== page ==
Disclaimer: Due to health regulations and clearances, some ScanWatch features may not be available or may not have clinical validation in your region. Learn more.
How does ScanWatch provide an electrocardiogram?
ScanWatch includes three electrodes to ensure measurement accuracy. Two electrodes are discreetly integrated inside the main body of the watch, and the third electrode is in the stainless steel upper ring (the bezel) of the watch. Users simply need to touch both sides of the bezel to start recording ECG anytime and anywhere.
Is it a medically-approved measurement?
We led several clinical studies to compare ScanWatch measurements with the gold standard and assess its medical accuracy. ScanWatch has received CE medical certification in Europe and FDA clearance in the United States.
What is the benefit of having an ECG on the wrist?
AFib is believed to be responsible for about 30% of strokes, and 90% of these events could be avoided if AFib is detected at an early stage. AFib is often underdiagnosed because explicit atrial fibrillation episodes don’t necessarily occur during doctor’s visits. When a user feels symptoms such as palpitations, he can place his hand on his watch, and in 30 seconds, ScanWatch will record an electrocardiogram by detecting the electrical signals of the heart.
How can I see the results?
When users experience symptoms, or if they are alerted to an abnormal heart rate, they can easily take an ECG, in just 30 seconds. During the measurement, users can see the live electrocardiogram displayed on the watch screen or in the accompanying Health Mate app. Once the reading is complete, the results can be viewed both directly on the watch screen and in the app. A history of all recordings, their associated classifications, and any noted comments or symptoms are stored in the app. All data collected can easily be shared with a doctor or healthcare professional.
How can I share my results or act on them?
Data collected by ScanWatch and visualized in Health Mate can easily be shared with a doctor or healthcare professional, which can help assist with an early diagnosis. Early diagnosis could help to prevent more serious complications.
Can ScanWatch record my QT interval?
ScanWatch is soon-to-be FDA cleared and regulated to detect and display only the following: beats per minute, normal sinus rhythms and atrial fibrillation. When you record an electrocardiogram, QRS, PR, QT and QTc durations appear on the ECG pdf report that you can share.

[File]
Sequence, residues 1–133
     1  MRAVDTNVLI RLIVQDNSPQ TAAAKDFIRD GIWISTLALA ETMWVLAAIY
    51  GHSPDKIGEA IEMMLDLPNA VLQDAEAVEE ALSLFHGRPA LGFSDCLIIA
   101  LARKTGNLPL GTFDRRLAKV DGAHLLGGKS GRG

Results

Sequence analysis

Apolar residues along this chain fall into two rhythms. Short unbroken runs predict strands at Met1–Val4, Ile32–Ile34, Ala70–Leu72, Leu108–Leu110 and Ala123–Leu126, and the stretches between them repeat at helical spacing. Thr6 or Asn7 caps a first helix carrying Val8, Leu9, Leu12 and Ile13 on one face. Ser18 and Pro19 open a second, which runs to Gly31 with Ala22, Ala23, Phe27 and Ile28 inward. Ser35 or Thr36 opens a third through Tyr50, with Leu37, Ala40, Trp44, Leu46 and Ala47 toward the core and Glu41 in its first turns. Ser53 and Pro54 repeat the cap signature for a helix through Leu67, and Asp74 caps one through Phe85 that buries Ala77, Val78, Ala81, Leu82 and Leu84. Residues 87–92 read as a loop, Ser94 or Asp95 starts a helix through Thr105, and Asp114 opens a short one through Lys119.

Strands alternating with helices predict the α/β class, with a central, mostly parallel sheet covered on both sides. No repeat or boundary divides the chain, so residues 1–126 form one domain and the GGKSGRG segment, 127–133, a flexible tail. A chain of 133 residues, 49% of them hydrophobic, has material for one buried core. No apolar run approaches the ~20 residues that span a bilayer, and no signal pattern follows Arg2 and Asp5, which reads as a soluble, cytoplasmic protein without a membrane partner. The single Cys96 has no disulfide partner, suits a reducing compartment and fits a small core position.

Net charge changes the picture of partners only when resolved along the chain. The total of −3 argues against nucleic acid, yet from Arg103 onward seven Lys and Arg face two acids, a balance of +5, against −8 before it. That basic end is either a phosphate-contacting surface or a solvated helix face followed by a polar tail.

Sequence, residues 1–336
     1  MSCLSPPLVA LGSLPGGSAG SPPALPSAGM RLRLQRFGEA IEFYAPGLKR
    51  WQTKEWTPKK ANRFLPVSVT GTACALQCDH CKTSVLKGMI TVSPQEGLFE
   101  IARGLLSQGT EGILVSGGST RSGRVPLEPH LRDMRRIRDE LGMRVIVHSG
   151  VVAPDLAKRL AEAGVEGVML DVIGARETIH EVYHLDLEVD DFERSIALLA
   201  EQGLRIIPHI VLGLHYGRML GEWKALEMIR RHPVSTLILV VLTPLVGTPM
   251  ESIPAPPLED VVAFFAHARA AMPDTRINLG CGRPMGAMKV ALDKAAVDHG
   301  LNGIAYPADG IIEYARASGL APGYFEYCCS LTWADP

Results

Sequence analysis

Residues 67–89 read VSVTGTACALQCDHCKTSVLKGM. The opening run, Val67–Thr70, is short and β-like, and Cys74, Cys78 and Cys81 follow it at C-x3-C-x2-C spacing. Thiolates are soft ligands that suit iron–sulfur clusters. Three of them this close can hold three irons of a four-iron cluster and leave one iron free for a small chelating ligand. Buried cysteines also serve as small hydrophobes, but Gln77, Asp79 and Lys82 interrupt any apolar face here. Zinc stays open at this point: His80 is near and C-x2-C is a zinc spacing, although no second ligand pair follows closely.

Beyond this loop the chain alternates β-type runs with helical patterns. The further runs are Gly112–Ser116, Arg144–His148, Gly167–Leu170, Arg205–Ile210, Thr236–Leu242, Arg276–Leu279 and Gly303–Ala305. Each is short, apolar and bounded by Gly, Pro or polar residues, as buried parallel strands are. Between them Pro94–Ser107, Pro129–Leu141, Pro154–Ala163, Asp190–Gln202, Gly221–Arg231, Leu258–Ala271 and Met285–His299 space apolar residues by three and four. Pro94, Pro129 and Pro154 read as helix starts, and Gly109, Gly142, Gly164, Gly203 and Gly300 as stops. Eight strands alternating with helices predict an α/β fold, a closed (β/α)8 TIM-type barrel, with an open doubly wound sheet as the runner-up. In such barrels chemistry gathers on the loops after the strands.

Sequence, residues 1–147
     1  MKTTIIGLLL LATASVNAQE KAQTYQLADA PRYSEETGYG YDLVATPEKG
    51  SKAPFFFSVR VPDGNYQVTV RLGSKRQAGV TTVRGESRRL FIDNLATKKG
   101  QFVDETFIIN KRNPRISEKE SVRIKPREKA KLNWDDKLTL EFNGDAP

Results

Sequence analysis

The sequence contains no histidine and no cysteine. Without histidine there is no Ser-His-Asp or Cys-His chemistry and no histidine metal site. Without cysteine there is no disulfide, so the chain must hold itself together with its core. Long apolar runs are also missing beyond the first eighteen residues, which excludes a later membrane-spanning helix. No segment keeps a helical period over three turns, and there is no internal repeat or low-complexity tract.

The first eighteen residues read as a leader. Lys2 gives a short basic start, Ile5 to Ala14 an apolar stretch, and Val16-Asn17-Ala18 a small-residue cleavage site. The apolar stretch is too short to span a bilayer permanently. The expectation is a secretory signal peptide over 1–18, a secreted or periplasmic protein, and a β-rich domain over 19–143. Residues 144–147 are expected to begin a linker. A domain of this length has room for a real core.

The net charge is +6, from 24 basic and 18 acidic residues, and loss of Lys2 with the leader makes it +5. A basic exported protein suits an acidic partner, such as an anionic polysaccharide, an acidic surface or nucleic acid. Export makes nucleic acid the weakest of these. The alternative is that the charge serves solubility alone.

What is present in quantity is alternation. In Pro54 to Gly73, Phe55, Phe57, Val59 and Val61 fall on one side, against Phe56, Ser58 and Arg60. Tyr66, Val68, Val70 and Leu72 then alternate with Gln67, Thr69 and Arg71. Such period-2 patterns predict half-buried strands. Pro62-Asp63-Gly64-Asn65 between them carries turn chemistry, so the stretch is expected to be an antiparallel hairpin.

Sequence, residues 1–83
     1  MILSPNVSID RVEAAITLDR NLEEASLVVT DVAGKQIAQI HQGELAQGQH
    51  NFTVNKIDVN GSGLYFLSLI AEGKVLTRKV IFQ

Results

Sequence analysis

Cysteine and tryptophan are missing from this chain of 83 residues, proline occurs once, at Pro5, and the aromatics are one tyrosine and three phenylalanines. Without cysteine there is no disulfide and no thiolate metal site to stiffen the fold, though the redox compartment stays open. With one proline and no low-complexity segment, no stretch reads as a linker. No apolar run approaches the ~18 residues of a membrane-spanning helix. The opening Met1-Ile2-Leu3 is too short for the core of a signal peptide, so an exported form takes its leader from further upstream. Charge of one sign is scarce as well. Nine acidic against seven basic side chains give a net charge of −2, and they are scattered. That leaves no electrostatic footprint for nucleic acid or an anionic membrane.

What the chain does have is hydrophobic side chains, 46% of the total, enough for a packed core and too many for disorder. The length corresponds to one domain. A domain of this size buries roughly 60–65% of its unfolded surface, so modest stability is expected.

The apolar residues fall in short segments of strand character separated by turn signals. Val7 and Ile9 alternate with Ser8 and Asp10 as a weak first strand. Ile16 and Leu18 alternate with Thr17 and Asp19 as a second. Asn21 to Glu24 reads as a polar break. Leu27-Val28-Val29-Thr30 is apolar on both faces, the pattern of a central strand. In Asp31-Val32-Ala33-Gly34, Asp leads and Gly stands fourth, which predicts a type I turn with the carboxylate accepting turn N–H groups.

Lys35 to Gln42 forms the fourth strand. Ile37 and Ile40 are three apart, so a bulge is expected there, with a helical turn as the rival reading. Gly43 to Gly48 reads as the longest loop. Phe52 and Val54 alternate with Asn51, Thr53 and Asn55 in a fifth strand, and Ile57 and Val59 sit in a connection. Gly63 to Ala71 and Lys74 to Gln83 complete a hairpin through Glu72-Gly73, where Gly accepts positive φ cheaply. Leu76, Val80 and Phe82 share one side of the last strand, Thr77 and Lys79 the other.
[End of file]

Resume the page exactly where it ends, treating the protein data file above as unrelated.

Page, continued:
Can ScanWatch detect arrhythmias other than AFib?
ScanWatch, which is soon to be cleared by the FDA, has algorithms that can provide the following ECG results: normal, atrial fibrillation, low heart rate or high heart rate. As a medical device, ScanWatch will not be cleared to detect or communicate any other results, rhythms, or arrhythmias. However, the watch records a single-lead ECG. Therefore, any arrhythmia that appears on this type of ECG is likely to appear on the ECG recorded by your watch. You may present this recording to a specialist for diagnosis.
Does ScanWatch detect Extrasystoles? If so, can I see them with an ECG?
The detection algorithm has been calibrated and validated on groups of people with either normal sinus rhythm or AFib. Thus, the reliability of the algorithm cannot be guaranteed for other types of arrhythmias. The only risk is therefore to have a wrong diagnosis on the ECG.
Atrial flutter is a type of arrhythmia (resulting from the too rapid contraction of the atria) similar to atrial fibrillation, though the heartbeat remains sometimes regular. ScanWatch's detection algorithm can therefore be misled since it is calibrated specifically for atrial fibrillation.
Please note that atrial fibrillation can be episodic. In some arrhythmias other than atrial fibrillation, the algorithm can be incorrect, especially in the presence of extrasystole. With the medical-grade ECG tracing provided by ScanWatch, extrasystoles are clearly visible, and a cardiologist is able to make a more accurate diagnosis.
Does my by-pass have an effect on my ECG measurements?
Cardiac bypass, which consists in supplementing the coronary circulation by placing leads downstream of obstructions, does not modify the electrical activity of the heart. Therefore, the ECG recorded by ScanWatch remains identical to the one that can be recorded in the classic case.